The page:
Sunday , May 9 2021

SpaceX reveals Falcon Heavy Block 5 on its first official photo timelapse



SpaceX has discovered the first official media (including video) of its Falcon Heavy Block 5 rocket, including one of the most spectacular photos of Falcon Heavy (and the Falcon family in general, ever).

In the space of 24-48 hours at the beginning of April, SpaceX technicians and engineers have completed the final integration of Falcon Heavy Flight 2, fixing the side augers to the central core and the upper level of the missile to the interstate. After assembling, the cranes erected a massive rocket – probably weighing 75 tons (165,000 lb) – and carefully installed on the Pad 39A (T / E) carrier / mount, a large mobile structure that holds the lowering and charging / as well as the ability to lift the missile vertically and horizontally. Shortly thereafter, the rocket fired on Pad 39A and carried out its first integrated static fire, pushing the launch route already at 18:35 EDT (22:35 UTC) on April 9th.

With unique the passage of time Falcon Heavy, the second in its latest integration, SpaceX has released one of the best Falcon (9 or Heavy) ever-4K displays of all 27 Falcon Heavy Merlin 1D engines, capable of generating more than 5.6 million pounds (2550 metric) tons, 25,000 kN).

Offered in 4K resolution, photographs may be the most dazzling official look even with Blast 5 rockets, especially for engine section view, octave and thermal protection for not one, but four amplifiers. Immediately noticeable is the intriguing green patina present on each structure of the shield protector of the shield Falcon Heavy, which is sometimes described as a humorous dance floor. Before these three amplifiers, the same structure of the other Falcon 9 Block 5 never had the same patina, indicating that it was a remarkable modification (perhaps improved protection) or, more likely, the rest of the output that disappears during each Block 5 is the first fast reentry . In other words, it may be a patina or an anti-corrosion coating that literally burns in the landing process.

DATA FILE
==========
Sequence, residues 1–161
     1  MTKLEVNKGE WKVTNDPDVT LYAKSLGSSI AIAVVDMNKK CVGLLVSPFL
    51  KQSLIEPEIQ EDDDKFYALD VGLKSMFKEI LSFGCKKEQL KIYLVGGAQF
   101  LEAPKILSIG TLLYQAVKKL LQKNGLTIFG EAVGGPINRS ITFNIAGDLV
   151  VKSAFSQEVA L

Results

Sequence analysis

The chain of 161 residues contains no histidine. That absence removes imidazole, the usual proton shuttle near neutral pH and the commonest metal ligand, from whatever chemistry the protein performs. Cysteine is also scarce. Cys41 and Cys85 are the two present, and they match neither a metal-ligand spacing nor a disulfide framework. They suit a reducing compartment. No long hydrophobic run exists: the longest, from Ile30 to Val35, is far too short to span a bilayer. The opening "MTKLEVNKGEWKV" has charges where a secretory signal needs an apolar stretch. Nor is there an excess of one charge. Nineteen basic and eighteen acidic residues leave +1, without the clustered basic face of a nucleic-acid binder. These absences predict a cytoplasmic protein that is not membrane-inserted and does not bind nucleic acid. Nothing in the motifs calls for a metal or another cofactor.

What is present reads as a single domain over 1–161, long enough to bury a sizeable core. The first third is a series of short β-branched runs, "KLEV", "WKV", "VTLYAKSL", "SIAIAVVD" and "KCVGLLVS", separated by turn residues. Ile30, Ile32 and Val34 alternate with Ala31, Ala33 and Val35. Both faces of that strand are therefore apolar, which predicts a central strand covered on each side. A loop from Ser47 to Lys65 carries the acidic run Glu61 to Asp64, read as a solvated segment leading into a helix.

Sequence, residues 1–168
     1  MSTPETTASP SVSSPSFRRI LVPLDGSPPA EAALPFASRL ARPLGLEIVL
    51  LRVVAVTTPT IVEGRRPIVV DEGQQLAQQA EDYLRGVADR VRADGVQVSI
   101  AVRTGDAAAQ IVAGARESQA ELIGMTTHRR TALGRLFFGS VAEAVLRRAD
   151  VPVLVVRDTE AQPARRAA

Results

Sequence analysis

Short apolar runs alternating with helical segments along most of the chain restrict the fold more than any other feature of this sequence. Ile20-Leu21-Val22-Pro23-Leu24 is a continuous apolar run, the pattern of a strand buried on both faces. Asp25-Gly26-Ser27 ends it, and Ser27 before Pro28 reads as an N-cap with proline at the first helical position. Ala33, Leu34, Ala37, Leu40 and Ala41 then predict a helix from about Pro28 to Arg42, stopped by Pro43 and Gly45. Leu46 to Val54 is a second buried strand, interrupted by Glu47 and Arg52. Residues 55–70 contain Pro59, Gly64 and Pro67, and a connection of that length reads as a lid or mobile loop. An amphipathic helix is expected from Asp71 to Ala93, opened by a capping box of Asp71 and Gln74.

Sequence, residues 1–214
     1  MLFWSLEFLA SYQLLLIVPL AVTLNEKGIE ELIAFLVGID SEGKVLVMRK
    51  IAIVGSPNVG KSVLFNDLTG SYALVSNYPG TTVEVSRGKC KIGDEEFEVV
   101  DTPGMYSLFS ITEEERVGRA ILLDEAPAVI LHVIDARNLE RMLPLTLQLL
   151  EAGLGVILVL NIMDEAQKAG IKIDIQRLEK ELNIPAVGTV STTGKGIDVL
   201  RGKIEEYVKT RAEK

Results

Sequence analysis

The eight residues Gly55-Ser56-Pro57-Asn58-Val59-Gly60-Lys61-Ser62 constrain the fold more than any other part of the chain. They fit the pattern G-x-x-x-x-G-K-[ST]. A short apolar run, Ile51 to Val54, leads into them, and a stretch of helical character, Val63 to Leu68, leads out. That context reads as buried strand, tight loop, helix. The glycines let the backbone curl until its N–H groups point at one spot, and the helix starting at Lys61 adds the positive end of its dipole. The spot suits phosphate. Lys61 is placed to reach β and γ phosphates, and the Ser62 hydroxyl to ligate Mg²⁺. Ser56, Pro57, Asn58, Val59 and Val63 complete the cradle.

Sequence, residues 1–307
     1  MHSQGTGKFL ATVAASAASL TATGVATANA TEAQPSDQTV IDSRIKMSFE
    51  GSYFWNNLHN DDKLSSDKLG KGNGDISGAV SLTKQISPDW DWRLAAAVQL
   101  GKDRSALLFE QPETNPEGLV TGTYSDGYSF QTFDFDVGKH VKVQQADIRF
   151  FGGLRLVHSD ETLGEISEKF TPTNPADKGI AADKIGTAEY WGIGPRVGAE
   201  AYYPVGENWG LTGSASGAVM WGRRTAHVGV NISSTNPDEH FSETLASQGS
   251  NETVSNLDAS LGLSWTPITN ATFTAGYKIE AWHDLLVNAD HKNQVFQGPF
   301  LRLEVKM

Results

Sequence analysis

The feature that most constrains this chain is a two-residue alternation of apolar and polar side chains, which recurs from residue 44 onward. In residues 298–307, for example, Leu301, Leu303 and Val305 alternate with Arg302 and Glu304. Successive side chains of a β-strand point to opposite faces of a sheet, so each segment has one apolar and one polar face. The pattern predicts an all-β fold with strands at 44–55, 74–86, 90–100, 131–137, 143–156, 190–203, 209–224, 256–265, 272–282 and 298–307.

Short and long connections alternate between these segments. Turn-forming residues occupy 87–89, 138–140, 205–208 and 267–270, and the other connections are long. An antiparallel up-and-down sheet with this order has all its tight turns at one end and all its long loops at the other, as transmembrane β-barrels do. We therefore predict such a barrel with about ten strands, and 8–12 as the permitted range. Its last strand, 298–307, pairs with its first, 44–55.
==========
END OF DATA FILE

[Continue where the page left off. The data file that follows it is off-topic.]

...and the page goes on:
SpaceX's third Block 5 Falcon 9 booster shows its well-worn Octaweb and Merlin engines after its successful launch and recovery. (Pauline Acalin)
Falcon 9 B1048 saw shortly after it was launched and landed in August 2018, so that no green patina was found. (Pauline Acalin)

In addition, the complex mechanisms that connect three Falcon 9 amplifiers are also easy to see. Rough visual comparisons between the mechanisms on Falcon Heavy Flight 1 and 2 indicate that they are largely unchanged. Their ultimate task is to safely, reliably and sequentially shift really terrible loads – from time to time, the majority of thrusts of both side enhancers – with the least possible mass and aerodynamic disturbance, as long as they successfully separate the three boosters and are then pulled in. At the press conference Shortly after the successful launch of Falcon Heavy, Musk has repeatedly confirmed that additional hardware is needed – apart from the complete redesign of the central core – a remarkable engineering challenge, far more difficult than it was expected.

Mysterious green and massive metal mechanisms. (SpaceX)
Falcon Heavy before his successful debut in February 2018. (SpaceX)
The rear link mechanism on Falcon Heavy Flight 1 and Flight 2 looks very similar. It is possible that SpaceX has decided to reuse the aspects of the hardware recovered from the two side amplifiers of Flight 1. (SpaceX)

In addition, SpaceX confirmed that the fourth in the main 39A hangar was Falcon 9 B1051, the same missile that launched the Crew Dragon in the orbit for the first time a month ago. According to the Canadian Space Agency (CSA), B1051 is resumed for its mission of the Radar Constellation (RCM), a trio of satellites planned to be launched from Vandenberg Air Base (VAFB) earlier than May 2019. Difficult team integration, the B1051 can be seen rotating on its rocket grill while technicians are quickly turning the rocket to another launch.

Falcon 9 B1051 inside the main hangar Pad 39A, April 2019. (SpaceX)

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